While there are not many things landlords, tenants, and elected officials can agree on, they have come together against illegal rentals.
The rules have been proposed by the city’s Office of Special Enforcement to implement Local Law 18. This law requires that hosts who use Airbnb or other home-sharing websites register their short-term rentals.
The Real Estate Board of New York voted in favor of the proposed rules. They cited cases in which landlords were penalized for reporting illegally rented apartments to tenants. Owners could avoid legal liability for illegally renting out their buildings by having a registry of short-term rentals that is permitted and a list of buildings where such units cannot be used.
Jan.’s local law was passed to keep track of the number and prohibit people from renting more than one unit at a given time. These rules will establish the process of creating a list of buildings that are not allowed to rent out short-term apartments.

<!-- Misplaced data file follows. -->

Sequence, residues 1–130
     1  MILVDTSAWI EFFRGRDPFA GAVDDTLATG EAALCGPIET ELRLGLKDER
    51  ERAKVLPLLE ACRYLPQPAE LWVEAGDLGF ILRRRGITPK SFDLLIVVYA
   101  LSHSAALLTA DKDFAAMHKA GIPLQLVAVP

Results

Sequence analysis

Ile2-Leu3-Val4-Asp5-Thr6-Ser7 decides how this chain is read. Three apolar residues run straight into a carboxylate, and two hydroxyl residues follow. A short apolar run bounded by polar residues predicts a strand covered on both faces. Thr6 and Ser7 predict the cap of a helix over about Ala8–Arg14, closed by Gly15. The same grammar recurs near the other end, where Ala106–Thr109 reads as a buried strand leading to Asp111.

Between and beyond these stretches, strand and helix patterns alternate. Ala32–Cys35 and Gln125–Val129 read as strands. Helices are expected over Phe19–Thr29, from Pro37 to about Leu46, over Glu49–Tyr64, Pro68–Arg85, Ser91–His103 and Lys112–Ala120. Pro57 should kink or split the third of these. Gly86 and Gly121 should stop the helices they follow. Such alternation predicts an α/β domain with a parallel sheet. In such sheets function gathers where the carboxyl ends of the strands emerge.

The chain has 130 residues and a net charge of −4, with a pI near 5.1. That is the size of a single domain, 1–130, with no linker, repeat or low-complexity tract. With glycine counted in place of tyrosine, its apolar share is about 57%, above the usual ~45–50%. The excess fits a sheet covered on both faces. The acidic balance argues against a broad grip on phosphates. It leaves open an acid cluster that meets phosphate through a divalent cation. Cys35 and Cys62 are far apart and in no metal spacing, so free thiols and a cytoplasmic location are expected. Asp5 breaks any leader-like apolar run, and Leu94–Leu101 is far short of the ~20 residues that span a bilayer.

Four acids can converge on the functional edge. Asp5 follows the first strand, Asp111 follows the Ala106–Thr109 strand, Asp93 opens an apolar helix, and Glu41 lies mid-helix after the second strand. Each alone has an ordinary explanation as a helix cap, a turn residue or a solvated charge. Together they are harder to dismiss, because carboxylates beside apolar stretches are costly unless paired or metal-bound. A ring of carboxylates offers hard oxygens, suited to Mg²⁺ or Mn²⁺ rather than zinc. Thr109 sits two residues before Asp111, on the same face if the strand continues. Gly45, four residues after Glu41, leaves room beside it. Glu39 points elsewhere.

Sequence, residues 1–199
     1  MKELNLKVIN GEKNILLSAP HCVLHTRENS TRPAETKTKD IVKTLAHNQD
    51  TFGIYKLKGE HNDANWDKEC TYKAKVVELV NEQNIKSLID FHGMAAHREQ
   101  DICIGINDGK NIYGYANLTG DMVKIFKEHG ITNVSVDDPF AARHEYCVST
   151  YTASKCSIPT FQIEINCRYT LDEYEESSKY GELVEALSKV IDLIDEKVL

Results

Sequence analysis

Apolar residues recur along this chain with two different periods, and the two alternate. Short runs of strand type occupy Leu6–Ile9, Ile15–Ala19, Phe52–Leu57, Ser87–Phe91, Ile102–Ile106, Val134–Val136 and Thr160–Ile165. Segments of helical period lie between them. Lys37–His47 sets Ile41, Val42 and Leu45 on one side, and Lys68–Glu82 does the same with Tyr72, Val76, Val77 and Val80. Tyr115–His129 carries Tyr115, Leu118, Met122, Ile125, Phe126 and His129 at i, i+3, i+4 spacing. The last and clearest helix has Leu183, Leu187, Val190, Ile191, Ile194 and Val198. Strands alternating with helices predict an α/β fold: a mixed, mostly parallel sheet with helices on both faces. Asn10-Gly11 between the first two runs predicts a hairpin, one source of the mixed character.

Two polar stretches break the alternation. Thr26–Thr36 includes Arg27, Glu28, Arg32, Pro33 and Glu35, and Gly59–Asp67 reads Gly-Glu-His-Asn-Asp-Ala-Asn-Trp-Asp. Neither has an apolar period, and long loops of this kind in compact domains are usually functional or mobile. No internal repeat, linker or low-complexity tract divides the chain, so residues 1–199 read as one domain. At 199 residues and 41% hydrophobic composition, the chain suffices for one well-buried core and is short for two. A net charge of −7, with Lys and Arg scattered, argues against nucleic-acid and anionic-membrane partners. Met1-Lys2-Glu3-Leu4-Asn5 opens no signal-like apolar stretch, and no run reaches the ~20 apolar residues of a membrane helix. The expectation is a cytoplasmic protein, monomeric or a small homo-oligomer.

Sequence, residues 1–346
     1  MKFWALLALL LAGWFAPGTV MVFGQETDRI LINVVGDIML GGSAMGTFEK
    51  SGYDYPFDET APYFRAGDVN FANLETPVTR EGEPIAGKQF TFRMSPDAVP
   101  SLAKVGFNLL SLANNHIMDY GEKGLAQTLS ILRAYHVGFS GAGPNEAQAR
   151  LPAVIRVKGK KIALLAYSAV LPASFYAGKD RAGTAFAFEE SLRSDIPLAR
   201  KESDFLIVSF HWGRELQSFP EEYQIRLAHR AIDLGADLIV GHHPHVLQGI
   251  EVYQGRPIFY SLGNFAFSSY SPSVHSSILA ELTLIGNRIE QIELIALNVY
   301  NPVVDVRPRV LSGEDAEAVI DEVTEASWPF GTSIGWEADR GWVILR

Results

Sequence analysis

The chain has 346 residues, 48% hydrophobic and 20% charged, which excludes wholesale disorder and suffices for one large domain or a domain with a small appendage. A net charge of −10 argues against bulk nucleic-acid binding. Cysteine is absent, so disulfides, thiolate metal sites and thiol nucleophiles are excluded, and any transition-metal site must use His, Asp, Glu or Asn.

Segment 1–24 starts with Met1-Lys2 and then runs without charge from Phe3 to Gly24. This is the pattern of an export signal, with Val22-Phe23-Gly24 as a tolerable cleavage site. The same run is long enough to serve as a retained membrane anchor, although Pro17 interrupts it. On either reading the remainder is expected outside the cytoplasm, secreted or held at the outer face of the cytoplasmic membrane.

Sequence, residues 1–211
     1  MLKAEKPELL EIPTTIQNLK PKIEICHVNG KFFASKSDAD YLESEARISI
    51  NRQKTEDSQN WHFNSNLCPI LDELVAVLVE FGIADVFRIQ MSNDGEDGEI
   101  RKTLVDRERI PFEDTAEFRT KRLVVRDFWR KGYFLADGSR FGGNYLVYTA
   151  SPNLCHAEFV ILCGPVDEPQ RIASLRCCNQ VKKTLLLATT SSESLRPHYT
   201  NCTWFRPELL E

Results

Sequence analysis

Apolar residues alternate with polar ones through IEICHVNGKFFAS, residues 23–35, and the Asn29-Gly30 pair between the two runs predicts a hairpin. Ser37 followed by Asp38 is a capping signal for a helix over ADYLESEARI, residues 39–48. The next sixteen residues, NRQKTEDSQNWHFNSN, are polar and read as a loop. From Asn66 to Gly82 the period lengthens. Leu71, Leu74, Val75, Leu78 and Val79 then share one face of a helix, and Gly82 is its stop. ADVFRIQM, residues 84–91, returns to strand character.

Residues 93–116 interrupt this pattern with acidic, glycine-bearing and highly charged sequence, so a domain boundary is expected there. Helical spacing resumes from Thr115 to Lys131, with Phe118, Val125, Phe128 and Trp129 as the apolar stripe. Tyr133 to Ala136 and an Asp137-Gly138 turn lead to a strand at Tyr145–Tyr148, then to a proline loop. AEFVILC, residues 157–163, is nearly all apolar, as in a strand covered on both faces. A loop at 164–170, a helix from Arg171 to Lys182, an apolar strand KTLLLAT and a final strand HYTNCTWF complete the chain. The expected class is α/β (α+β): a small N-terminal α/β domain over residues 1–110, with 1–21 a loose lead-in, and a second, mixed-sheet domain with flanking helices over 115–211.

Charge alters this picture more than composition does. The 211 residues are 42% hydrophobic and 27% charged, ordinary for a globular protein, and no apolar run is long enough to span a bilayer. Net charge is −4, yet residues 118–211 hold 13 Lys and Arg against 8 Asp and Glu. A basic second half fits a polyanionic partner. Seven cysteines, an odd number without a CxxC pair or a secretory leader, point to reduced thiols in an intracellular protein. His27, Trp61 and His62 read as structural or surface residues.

Hosts must verify that the unit is not located in a building that prohibits such rentals. Short-term rental registration numbers are not permitted for rent-regulated units.
Sherwin Belkin, a Landlord lawyer, agreed that the rules could help bring short-term rentals “out of shadows” and give owners greater control over their buildings and any potential liabilities from the people who live in them.
Several state officials, as well as Tenant PAC’s Michael McKee (a long-standing nemesis to landlords), testified Monday in support of the rules. They noted that illegal short-term rentals take much-needed housing units off the market.
The law in the state prohibits renting out residential units for less than 30 days unless the resident is there full-time. Although the law is difficult to enforce, the registry was established by the city. However, some repeat offenders have been rooted out. The city will issue hosts a registration number that will confirm their legality to rent short-term spaces.
Similar restrictions have been enacted in other cities. According to reports, Airbnb had to take down thousands of listings after Boston adopted registration rules for short-term rentals in 2019.
Many Airbnb hosts voiced their disapproval of the proposals. They argued that homeowners should be treated differently than hosts living in multifamily homes. Aimee Thrasher is a retired nurse who said that she wouldn’t be able to afford to pay her mortgage if she didn’t get income from Airbnb.